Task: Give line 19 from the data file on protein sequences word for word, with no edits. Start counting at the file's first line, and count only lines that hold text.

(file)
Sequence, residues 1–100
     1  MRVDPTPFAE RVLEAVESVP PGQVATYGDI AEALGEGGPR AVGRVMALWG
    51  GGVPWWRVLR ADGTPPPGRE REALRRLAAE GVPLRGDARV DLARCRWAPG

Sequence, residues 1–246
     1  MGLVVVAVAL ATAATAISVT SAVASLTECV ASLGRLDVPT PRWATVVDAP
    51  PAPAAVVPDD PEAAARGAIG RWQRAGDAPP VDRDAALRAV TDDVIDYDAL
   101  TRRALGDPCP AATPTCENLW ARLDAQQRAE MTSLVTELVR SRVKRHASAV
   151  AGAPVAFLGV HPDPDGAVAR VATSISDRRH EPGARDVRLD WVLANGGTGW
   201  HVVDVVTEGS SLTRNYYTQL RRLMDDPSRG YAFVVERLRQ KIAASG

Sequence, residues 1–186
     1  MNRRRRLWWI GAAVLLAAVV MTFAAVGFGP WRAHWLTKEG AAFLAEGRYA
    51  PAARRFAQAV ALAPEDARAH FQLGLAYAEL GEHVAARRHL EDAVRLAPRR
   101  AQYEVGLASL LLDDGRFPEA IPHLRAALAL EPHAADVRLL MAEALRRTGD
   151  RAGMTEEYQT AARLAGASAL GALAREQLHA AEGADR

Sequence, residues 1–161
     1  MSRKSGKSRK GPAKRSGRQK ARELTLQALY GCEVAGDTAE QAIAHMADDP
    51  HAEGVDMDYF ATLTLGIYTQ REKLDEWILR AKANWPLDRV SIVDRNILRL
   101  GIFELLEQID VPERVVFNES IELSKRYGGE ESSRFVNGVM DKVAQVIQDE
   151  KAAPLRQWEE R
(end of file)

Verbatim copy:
   151  KAAPLRQWEE R